There's a deceptive coolness about the fiction of Ian McEwan. His prose is severely chiseled, and his strong interest in science lends a clinical air to his narratives, but this must not distract the reader from the deep vein of feeling that runs through them. Certainly it has never been more powerful than in Enduring Love, a novel that is at once an ingenious and formidably intelligent study of one form of mental illness and a wrenching evocation of the risks to which love can be put ... As treated by McEwan, Jed Parry's lunatic passion becomes a fun-house mirror that distorts the real passion between Joe and Clarissa; in so doing, it gives us a strange but revealing perspective on love itself. This may seem unlikely material, but out of it McEwan has fashioned a remarkable novel, haunting and original and written in prose that anyone who writes can only envy.
... [McEwan] has not lost his knack for intimating the unconventional -- his dark glance reminds us that normal behavior conceals but does not banish unsavory truths ... [the appendix] is an impressive transformation, the rearing up of a fictional world around summary notations from the realm of the actual. Impressive, but also curiously ballasted, as if by hewing to the highly eccentric contours of what really happened, the novelist were tethered on some deeper level. Interesting and credible though Joe and Clarissa are, there is some way in which they don't seem thoroughly known, as if McEwan didn't trust that he had permission to imagine them all the way into existence. The same constraint is felt, at times, about the developing situation: it is so unusual that it seems to lack some of the hard granularity of true invention ... The deeper implications of McEwan's novel begin to reach us just when we want to believe that all erratic forms of behavior have been tagged and dealt with.
What’s striking about McEwan’s later work and his new novel Enduring Love is its intimacy with evasion and failure, combined with an alert intelligence about these things which itself looks like grounds for hope ... opens with a moral puzzle so beautifully posed that you wonder if the book is ever going to escape from the parable into the larger, looser fiction ... As the story unfolds, it is evident that dependence and interdependence are the ideas McEwan wants us to think through, although nothing prepares us, or Joe, for what happens next or the turn these ideas take. This is where the parable opens brilliantly into a novel.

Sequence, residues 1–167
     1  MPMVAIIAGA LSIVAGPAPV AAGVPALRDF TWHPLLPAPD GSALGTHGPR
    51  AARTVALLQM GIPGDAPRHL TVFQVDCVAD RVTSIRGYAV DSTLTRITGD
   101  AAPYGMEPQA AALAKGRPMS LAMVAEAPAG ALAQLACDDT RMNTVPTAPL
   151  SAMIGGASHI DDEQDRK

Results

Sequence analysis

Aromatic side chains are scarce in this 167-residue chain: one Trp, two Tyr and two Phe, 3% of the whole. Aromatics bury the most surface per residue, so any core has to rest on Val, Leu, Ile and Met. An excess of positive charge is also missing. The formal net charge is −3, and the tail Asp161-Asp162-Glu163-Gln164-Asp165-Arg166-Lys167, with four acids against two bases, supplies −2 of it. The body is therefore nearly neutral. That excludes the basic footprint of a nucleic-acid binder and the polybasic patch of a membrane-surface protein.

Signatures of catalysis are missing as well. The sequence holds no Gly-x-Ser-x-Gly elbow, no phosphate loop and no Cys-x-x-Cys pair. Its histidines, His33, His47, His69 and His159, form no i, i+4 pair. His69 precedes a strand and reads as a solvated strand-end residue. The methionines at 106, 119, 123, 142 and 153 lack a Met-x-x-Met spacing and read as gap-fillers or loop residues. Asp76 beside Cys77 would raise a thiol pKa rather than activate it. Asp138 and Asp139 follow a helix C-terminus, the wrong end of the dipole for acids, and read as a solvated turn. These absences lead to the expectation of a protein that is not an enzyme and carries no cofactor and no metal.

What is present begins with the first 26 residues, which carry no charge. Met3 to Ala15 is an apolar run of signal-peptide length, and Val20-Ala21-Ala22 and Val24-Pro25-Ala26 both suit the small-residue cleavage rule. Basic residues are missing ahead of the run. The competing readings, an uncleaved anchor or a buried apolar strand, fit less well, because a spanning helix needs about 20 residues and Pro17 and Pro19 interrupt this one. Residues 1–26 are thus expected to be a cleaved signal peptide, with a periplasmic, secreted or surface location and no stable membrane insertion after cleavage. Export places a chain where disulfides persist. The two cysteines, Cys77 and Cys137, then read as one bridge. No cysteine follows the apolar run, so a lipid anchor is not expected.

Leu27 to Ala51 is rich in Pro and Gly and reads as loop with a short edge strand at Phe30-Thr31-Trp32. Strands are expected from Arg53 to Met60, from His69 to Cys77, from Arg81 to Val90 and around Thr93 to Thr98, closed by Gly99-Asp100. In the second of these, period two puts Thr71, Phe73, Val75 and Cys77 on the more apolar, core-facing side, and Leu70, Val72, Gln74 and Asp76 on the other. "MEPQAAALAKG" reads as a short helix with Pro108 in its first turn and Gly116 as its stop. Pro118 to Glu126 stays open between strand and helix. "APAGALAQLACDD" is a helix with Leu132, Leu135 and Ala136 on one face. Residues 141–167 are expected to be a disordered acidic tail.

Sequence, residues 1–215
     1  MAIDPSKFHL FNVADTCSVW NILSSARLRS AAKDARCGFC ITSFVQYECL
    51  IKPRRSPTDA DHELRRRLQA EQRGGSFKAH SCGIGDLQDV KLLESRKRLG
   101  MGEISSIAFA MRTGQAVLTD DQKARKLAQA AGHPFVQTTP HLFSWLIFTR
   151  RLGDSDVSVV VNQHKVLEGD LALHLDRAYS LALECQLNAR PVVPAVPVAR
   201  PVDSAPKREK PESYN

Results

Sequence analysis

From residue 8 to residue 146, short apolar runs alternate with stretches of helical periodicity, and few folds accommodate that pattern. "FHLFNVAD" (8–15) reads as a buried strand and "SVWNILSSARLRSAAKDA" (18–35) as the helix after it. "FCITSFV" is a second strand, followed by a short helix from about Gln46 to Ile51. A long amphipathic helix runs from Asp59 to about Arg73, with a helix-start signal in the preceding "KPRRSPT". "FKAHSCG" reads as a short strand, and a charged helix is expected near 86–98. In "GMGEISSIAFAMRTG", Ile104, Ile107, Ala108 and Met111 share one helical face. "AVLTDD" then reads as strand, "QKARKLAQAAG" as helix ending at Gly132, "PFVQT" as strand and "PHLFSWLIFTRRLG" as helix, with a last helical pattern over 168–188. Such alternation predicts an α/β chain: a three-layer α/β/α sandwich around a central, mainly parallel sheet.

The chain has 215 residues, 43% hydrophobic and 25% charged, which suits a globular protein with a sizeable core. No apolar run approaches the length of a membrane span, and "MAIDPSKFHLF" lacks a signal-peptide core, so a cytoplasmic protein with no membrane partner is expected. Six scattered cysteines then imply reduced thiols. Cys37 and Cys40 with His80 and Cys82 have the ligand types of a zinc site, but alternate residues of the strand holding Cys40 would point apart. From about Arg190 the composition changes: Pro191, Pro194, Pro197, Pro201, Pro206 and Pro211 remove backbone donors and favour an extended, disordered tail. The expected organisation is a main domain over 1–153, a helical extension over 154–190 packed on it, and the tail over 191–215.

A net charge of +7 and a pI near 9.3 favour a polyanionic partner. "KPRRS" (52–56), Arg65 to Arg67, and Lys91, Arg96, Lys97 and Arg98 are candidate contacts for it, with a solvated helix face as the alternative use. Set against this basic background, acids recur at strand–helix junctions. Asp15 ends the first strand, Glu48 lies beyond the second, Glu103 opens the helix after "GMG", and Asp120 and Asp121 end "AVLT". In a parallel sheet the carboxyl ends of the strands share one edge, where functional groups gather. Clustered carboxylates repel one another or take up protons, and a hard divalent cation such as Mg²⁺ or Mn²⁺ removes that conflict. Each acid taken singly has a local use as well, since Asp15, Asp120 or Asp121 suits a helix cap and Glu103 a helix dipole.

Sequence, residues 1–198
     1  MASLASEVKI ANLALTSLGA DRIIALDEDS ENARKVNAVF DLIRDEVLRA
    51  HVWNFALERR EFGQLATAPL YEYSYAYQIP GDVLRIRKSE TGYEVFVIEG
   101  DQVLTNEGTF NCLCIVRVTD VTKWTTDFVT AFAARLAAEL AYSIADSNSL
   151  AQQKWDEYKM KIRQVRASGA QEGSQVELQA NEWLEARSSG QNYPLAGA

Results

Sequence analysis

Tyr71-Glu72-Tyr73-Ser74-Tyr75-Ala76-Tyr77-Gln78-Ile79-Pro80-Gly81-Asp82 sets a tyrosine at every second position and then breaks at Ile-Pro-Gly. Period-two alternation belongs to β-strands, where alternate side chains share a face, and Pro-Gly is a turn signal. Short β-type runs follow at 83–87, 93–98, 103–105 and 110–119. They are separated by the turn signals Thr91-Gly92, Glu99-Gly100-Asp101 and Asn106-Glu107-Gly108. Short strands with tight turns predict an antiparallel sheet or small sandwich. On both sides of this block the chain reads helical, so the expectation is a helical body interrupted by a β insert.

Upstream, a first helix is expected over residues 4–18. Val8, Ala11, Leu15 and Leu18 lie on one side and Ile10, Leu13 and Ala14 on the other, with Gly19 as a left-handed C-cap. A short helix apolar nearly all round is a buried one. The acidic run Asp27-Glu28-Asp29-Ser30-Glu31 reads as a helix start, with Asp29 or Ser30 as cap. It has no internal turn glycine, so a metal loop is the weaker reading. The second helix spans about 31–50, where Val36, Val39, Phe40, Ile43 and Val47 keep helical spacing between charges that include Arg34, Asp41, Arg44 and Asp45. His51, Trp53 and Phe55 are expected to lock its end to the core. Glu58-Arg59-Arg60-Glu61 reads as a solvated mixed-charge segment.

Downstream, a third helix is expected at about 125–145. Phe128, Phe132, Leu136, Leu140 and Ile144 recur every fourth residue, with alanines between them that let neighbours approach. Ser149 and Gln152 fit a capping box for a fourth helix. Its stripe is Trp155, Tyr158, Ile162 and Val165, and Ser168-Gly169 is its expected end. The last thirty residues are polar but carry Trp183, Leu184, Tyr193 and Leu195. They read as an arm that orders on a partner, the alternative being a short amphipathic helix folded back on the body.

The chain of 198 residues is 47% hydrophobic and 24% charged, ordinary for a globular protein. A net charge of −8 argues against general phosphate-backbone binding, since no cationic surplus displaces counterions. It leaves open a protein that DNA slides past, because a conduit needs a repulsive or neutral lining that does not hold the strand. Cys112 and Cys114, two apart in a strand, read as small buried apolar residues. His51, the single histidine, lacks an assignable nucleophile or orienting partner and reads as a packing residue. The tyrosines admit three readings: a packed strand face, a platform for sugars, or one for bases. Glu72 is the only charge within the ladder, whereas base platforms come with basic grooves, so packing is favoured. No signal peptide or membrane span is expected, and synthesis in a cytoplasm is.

McEwan, a master stylist, has the complex psychology of this extreme yet credible situation down pat, managing, too, to subtly transform the struggle between Joe and Jed into a life-or-death battle between reason and faith, rationality and madness. A clever, impeccable, and positively Hitchcockian psychological thriller.
What is it that makes Ian McEwan's terrifying stories so compelling? His characters are not terribly interesting, and his language is plain when it isn't bland. But he is a master of the ordinary, and the extraordinary power of his books comes from the subtle and yet implacable way that everyday lives collide with evil ... McEwan's opening scene is a masterpiece of taut and precise writing.
Under [Ian McEwan's novels'] dark, bristling, thrillerish surfaces lurk explorations of the way we love now: men and women mostly, but parents and children too. His world appears a naturalistic one, but is also metaphorical, as in a romance. He illuminates inner states as well as outer ones, though his landscapes are always realistic and noir-ish enough to satisfy the butchest of readers ... explores the either/or thinking that Charlotte Bronte would have recognised. It pits science against madness, man against woman, reason against intuition, rationality against religion, passion against sanity, love against hate.
The opening of Enduring Love is one of the most compelling this reviewer has come across in years ... Not only suspenseful, it is also thematically rich, opposing as it does Joe's scientific view of the world with that of Clarissa, a Keatsian scholar who believes, as the poet did, that science is robbing the world of wonder ... The only drawback is that McEwan's story seems to resolve itself somewhat mechanically. At the end, you feel annoyed at Clarissa's response to what has happened, which somehow doesn't add up, leaving you with a sense that something is missing. When you discover at the end of the book an appendix documenting the case history on which Enduring Love is based, you think you know what is wrong. McEwan has simply stuck too close to the facts and failed to allow his imagination to invent.
It speaks well for Ian McEwan's descriptive powers and the fluency of his invention that this opening scene doesn't smell like essence of quandary, a carefully contrived human theorem, although his choice of profession for Joe a popularising science writer makes his mouthpiece almost too exquisitely adept at analysing its implications ... It's disappointing that a book that begins so full-throatedly should end with stagy confrontation, then case history, references and appendices.
As always, his work is imbued with a mounting sense of menace as the unthinkable intrudes into the everyday ... McEwan wrings wry meaning from the contrast of poetry and science, the limitations of rational logic and the delusive emotional temptations of faith ... Whatever its limitations, however, the tightly controlled narrative, equally graced with intelligent speculation and dramatic momentum, will keep readers hooked.
A sad, chilling, precise exploration of deranged love ... In lesser hands, the story might be overwrought and unbelievable, but McEwan's terse, lucid prose and sure grasp of character give resonance to this superb anatomy of obsession and exploration of the mind under extreme circumstance. Painful and powerful work by one of England's best novelists.